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Despite major parts of Ridley Scott’s biblical blockbuster having been shot in Morocco, the film was banned in the north African country last month before its premiere when a review board objected to a scene in which Christian Bale’s Moses receives messages from a figure — actually an 11-year-old boy — that could be interpreted as representing god.
Physical representations of god are strictly forbidden in Islam, and the film was also banned in Egypt and the Middle East’s biggest box-office market, the United Arab Emirates, where there were added complaints that the film contained historical inaccuracies.
But following discussions between the Morocco Cinematography Center, Scott and 20th Century Fox, the movie will now finally be making its way to theaters in Morocco. In a statement, the Center thanked Fox and Scott, saying that “after multiple exchanges” which were “very courteous and very professional” they had agreed “on an exceptional basis to accept these reservations and make requested adjustments, namely the removal of two sound extracts with references to the Divine personification.”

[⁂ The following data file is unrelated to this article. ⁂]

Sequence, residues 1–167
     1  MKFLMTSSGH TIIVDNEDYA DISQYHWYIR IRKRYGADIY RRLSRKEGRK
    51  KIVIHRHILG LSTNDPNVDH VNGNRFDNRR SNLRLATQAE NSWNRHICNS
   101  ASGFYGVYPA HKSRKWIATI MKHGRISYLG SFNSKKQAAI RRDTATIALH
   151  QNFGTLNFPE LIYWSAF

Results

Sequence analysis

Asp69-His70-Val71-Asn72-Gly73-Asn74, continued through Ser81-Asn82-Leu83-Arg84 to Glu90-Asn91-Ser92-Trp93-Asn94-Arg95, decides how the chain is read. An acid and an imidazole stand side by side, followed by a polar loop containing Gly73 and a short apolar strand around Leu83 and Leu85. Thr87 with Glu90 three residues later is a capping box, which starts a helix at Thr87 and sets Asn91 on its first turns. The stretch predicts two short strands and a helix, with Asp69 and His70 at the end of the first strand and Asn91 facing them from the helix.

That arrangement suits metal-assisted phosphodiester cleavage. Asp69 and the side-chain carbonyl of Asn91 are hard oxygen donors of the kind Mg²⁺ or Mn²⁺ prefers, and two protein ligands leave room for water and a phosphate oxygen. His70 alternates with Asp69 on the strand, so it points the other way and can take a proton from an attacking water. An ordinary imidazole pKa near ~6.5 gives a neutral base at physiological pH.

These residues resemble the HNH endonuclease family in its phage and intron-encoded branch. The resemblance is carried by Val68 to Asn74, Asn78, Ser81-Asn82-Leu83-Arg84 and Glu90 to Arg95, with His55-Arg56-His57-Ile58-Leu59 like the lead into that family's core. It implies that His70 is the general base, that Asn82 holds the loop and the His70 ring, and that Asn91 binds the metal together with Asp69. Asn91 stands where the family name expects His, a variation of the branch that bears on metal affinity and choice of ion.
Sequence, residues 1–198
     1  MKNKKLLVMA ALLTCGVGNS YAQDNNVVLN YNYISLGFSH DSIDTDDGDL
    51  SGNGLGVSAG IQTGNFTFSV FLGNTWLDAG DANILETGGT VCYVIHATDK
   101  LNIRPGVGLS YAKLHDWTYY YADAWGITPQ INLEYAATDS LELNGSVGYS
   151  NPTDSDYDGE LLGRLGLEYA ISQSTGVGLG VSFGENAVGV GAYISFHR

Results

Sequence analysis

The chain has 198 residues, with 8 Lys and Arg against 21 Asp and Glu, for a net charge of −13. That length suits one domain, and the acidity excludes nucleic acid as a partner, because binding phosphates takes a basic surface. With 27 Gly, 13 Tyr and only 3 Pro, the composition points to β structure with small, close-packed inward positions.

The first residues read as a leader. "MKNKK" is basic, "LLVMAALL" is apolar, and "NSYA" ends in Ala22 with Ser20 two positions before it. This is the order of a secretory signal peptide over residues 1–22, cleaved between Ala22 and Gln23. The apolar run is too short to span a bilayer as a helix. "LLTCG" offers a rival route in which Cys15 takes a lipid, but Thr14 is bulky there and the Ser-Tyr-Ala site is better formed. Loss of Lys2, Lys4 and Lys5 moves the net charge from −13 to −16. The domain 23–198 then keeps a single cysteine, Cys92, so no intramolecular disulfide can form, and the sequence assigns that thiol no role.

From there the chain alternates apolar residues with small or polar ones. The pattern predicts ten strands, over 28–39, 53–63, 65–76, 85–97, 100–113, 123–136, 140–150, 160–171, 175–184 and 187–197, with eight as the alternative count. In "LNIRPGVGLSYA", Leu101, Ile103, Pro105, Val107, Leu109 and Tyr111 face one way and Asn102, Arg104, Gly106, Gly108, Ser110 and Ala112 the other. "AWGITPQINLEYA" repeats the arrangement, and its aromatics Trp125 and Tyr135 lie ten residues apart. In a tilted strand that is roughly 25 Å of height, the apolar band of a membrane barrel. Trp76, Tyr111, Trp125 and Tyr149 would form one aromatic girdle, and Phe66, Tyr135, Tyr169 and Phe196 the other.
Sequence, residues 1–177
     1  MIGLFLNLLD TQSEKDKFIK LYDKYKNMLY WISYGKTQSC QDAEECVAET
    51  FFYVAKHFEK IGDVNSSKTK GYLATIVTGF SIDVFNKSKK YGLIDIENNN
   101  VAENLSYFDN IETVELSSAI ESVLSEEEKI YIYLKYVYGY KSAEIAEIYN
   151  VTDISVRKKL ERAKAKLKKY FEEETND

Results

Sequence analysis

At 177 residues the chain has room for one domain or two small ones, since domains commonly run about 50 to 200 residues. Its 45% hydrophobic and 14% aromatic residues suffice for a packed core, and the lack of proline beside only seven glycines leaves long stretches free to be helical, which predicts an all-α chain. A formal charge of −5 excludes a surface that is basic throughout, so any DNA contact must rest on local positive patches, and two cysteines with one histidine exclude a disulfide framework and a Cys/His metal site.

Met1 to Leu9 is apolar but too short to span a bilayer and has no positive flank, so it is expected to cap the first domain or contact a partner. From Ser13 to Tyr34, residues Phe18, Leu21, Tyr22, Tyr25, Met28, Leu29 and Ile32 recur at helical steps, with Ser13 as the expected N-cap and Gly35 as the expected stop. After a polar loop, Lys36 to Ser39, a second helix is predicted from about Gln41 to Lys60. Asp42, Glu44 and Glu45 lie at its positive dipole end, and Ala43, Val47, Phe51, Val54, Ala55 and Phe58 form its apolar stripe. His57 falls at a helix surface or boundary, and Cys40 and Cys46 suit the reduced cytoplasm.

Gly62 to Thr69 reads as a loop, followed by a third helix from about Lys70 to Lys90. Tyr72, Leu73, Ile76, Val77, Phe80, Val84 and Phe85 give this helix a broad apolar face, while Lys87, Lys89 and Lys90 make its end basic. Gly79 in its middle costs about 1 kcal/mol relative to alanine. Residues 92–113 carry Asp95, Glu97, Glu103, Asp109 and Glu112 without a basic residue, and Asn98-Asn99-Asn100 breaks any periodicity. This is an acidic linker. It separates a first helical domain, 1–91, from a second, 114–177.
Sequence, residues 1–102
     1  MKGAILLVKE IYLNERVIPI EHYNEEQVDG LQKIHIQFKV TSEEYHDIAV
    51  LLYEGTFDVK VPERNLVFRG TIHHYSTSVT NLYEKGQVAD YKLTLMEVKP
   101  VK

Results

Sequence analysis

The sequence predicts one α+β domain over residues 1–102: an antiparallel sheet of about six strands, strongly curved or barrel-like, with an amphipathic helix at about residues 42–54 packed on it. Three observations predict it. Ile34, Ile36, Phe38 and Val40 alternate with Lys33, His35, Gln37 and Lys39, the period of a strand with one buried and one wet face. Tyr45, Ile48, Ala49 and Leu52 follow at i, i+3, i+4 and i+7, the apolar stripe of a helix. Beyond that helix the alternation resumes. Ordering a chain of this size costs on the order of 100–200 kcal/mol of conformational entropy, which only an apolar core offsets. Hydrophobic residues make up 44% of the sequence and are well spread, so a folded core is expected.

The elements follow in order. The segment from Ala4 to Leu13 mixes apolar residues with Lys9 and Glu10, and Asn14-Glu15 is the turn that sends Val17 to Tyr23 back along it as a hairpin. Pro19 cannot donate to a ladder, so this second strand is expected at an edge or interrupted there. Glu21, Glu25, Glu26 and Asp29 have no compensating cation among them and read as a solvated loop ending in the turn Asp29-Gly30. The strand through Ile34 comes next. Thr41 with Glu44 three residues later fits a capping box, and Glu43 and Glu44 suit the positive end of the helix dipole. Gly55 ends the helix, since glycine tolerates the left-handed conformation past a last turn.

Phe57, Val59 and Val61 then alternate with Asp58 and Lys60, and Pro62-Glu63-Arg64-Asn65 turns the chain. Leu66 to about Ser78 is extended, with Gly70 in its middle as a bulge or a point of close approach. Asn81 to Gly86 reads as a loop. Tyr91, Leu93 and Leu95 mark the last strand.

It added that the film “may again shortly appear in theaters.”
Fox couldn’t immediately be reached for further comment.
Exodus is by no means the first film to have faced issues in the Middle East. Darren Aronofsky’s Noah was banned across much of the region in early 2014 for its depictions of a religious prophet. In 2012, The Girl with the Dragon Tattoo never made it to cinema screens in the Gulf region after producers rejected cuts proposed by censors.
Jan. 7, 7.57 a.m. Updated to include statement from Moroccan Cinematography Center
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